In follow-up to my January entry about Jan and his connections to music, I went back and tracked down all the album covers for which he created illustrations. One of the most vivid – and strange – was his work for the Boston Pops’ Carnival of the Animals (shown above). This work was so well received that it earned him a Grammy Award in 1965 for Best Classical Album cover.
This illustration is particularly interesting in that Jan juxtaposes the very serious musician bodies(wearing their dark overcoats and carrying their black instrument cases) with the masquerade heads of the animals – creating a very strange, carnival-like scene. Jan sets the scene in a dark forest, making the image almost as ominous looking as many of San Saens’ passages sound. Out from the masks peer the same staring eyes that Jan favored for the people and animals he painted. But that is where the similarity to his other animals ends. Jan normally liked to imbue the animals he painted with quite human expressions. The smiles on the faces of the felines in many of his paintings… the curious stare of the cat that appears in front of the butcher shop in his children’s book Amos and The Moon… and the trepidation on the faces of the lions being tamed in The Five Rollatinis… all lend personality to the creatures. But for this piece, it is all about the carnival… and that means masking of the humans behind the music.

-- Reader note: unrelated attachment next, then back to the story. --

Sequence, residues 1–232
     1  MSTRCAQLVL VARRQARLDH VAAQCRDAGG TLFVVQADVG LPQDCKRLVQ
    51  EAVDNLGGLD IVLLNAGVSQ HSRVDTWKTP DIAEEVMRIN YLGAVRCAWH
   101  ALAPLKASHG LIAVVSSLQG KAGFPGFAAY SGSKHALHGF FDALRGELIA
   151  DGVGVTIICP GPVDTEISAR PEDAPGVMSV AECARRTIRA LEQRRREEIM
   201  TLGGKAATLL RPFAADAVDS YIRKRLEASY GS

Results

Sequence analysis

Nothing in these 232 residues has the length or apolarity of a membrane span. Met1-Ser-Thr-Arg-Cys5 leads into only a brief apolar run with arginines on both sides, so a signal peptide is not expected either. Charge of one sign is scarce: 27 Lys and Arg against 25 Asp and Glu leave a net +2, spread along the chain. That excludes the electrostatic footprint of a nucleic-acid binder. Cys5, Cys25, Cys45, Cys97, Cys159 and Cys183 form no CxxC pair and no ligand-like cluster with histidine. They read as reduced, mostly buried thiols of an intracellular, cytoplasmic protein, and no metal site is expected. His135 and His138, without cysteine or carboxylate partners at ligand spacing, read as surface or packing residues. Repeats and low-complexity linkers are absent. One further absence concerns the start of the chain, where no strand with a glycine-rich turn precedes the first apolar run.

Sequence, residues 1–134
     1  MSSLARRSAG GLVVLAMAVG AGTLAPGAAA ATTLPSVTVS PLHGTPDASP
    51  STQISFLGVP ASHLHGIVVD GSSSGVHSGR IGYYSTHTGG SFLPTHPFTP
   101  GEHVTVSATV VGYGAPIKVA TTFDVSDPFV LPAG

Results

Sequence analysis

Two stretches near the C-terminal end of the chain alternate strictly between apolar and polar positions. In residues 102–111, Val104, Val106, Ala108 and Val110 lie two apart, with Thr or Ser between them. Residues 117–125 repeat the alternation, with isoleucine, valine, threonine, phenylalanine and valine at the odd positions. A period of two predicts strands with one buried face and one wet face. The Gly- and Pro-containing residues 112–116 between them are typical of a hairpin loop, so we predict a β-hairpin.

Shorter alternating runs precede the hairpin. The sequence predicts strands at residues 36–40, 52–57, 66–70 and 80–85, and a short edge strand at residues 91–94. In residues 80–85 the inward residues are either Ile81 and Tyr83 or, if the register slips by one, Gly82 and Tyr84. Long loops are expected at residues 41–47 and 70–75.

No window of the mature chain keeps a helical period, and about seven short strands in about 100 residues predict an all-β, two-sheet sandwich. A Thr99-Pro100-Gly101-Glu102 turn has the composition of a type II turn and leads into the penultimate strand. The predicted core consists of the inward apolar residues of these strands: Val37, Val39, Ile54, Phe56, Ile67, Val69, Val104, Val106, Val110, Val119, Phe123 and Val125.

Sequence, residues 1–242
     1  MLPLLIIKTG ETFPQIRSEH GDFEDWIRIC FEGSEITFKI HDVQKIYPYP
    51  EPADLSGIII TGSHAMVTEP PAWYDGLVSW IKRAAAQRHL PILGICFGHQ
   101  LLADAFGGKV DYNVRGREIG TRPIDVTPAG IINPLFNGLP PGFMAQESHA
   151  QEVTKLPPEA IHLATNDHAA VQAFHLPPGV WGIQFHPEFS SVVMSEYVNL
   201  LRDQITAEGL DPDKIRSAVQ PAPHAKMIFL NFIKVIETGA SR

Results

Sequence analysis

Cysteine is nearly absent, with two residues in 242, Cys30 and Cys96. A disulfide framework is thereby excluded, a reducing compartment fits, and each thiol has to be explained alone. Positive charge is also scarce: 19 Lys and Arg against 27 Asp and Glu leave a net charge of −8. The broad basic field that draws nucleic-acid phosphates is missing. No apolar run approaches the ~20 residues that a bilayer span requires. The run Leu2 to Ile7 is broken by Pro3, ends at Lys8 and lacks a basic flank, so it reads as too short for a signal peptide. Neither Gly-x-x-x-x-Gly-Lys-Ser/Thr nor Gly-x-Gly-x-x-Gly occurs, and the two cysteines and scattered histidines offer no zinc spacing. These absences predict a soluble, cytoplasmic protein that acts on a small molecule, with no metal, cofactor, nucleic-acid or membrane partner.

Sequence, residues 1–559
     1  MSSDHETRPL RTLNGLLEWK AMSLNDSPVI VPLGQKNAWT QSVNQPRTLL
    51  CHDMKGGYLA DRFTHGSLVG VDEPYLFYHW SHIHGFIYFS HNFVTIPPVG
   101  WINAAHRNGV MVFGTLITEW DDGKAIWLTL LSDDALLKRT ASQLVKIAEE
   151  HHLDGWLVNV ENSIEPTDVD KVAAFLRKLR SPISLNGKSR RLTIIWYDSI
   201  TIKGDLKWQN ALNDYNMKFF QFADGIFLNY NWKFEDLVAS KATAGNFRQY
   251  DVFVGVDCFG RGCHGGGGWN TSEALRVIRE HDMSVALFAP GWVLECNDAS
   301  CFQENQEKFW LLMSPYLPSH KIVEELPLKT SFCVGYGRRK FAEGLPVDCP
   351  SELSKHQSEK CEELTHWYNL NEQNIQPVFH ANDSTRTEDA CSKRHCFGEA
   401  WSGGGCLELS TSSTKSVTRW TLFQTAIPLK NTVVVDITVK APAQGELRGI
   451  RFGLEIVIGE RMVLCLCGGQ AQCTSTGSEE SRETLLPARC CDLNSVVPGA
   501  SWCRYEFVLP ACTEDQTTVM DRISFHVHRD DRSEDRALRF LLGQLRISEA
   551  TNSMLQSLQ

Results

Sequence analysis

In my mind, if ever there was an album cover perfect for enticing young listeners to listen to classical music, this one was it. I guess the Grammy judges thought so, too!